Herein, we describe the first reported case of bilateral intercostal cryoNB in a patient undergoing open-heart surgery through a full sternotomy. This adjunctive procedure represents an on-label use of the cryoSPHERE ablation probe applied to a subset of patients not previously described. Compelling evidence exists that cryoNB is safe and effective for pain control in thoracotomy procedures (both thoracic and minimally invasive cardiac) as well as bilaterally in adolescent patients undergoing Nuss procedure.1,5–7 While the approach to the intercostal nerves is different (unilateral for thoracic patients versus bilateral and extrathoracic for Nuss patients versus intrathoracic), the principles remain the same. Based on dermatomal maps, T1-T6 covers the sternal notch to the xiphoid encompassing the entire length of a standard median sternotomy incision.
While there are several regional techniques that have been used for pain control after cardiac surgery including bilateral erector spinae plane (ESP) blocks, paravertebral blocks, thoracic epidural, pecto-intercostal fascial plane blocks, intrathecal opioids, as well as intercostal nerve blocks with liposomal bupivacaine, these address immediate postoperative pain only. As intercostal nerves grow back after cryoablation at a rate of approximately 1 mm per day, cryoNB 6 cm from the sternal incision provides lasting pain control for up to 2 months. Despite sporadic use of the above-mentioned techniques for immediate postoperative pain, the use of opioids has been a mainstay of postoperative pain management (both inpatient and outpatient) in cardiac surgery for decades.
Opioid-related adverse events (ORAEs) associated with the side effects of opioids include sedation, respiratory depression, nausea, vomiting, ileus, tolerance, and physical dependence.8 After cardiac surgery, patients prescribed high doses of opioids are at higher risk of developing new, persistent use, and opioid dependence.9,10 Multimodal opioid-sparing approaches and regional analgesia in cardiac surgery are recommended11,12 but have been slow to implementation.12,13 Studies have suggested that intercostal cryoNB can be effective in managing pain in a multimodal setting, with potential to reduce opioid consumption.5–7
Potential complications related to cryoablation include neuroma formation, hyperesthesia, and poor wound healing. While previously described using other techniques, these complications have not been reported using cryoablation in the referenced publications. Moreover, Horner’s syndrome related to the sympathetic chain disruption is a potential complication when the cryoprobe is applied posteriorly near the spine; however, as we are anterior at T1, this is not herein expected. Furthermore, there have been anecdotal reports of abdominal wall muscle laxity (that resolves) when the intercostal nerves below T9 are cryo-ablated. As we are not performing cryoNB below T6, we do not anticipate this complication in cardiac surgery patients. Finally, while pneumothorax is a potential complication associated with closed chest approaches to regional anesthesia, patients undergoing open-heart surgery routinely have chest tubes placed intraoperatively negating this as a possible complication. Pleural adhesions particularly from previous thoracic surgery could make this procedure more challenging but not impossible.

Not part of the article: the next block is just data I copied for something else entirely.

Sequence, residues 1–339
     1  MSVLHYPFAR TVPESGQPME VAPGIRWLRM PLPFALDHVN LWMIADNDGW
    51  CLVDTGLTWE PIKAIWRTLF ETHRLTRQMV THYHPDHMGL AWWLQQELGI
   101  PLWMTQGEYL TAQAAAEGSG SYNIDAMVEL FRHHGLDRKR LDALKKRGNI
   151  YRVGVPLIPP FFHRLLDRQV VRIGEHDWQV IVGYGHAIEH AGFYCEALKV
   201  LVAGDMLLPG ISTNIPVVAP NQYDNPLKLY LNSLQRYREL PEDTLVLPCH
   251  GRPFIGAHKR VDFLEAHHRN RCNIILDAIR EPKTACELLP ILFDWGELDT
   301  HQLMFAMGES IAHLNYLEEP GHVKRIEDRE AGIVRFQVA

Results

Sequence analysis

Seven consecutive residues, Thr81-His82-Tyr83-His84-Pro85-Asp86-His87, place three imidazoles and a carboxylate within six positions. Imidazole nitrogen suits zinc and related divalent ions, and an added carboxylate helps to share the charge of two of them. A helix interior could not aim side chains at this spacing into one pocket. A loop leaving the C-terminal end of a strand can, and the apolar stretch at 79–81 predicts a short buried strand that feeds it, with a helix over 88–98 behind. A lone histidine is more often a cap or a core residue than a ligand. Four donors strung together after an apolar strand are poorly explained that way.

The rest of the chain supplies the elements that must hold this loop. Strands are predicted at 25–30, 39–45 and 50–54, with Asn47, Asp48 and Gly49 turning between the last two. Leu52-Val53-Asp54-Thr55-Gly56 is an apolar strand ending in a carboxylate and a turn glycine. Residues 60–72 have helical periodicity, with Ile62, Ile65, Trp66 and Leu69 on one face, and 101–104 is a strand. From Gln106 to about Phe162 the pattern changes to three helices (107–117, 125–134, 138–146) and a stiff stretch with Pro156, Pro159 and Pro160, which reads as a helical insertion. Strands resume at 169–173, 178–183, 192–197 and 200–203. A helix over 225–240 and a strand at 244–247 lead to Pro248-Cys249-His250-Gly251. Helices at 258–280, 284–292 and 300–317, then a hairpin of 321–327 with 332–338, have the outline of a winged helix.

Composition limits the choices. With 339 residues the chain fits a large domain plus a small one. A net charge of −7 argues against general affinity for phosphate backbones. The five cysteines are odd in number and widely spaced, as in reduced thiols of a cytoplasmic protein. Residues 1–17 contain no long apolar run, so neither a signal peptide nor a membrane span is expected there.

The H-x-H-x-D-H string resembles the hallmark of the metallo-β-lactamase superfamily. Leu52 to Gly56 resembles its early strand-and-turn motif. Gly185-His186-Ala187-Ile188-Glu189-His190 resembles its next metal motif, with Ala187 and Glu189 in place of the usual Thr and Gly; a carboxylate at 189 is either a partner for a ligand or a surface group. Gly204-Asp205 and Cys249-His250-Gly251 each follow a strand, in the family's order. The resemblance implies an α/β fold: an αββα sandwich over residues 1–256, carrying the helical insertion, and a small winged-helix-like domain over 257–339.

Excluding the intravenous 50 µg (12.5 MME) fentanyl dose administered on arrival to the ICU while the patient was still intubated and sedated, the total dose of 25 mg of oxycodone (37.5 MME) administered on an as needed basis, during the patient’s entire hospital stay is very low compared to cardiac surgery patients treated with standard oral pain control regimens and is comparable to recently reported opioid consumption in patients undergoing cryoNB during unilateral thoracic surgical procedures that are far less invasive than median sternotomy.14 After discharge, the patient used only Tylenol sporadically and described slow normalization of sensation in the region of treatment over several months.
While this procedure does add time and expense to the case, 35 minutes in the context of a 2-hour 54-minute cardiac surgery do not represent a substantial amount of time. Moreover, this procedure can be performed at the beginning of the cardiac surgery during which time the greater saphenous vein is often simultaneously being harvested for bypass. Further investigation weighing operative time and device-related costs against potential for decreased length of stay and the long-term savings from prevention of chronic pain and opioid dependence will need to be thoroughly investigated, as has been done using cryoNB in other surgical procedures.15
In this case report, bilateral intercostal cryoNB was effectively used to ameliorate pain in a patient undergoing open-heart surgery through a full sternotomy. The patient required minimal opioid analgesia as an inpatient, fully recovered without incident, and has returned to normal activity without limitation.
Name: David J. Caparrelli, MD, FACS.
Contribution: The author contributed to this manuscript by writing it in its entirety.
Conflicts of Interest: D. J. Caparrelli is a consultant for AtriCure, Inc.
This manuscript was handled by: Kent H. Rehfeldt, MD.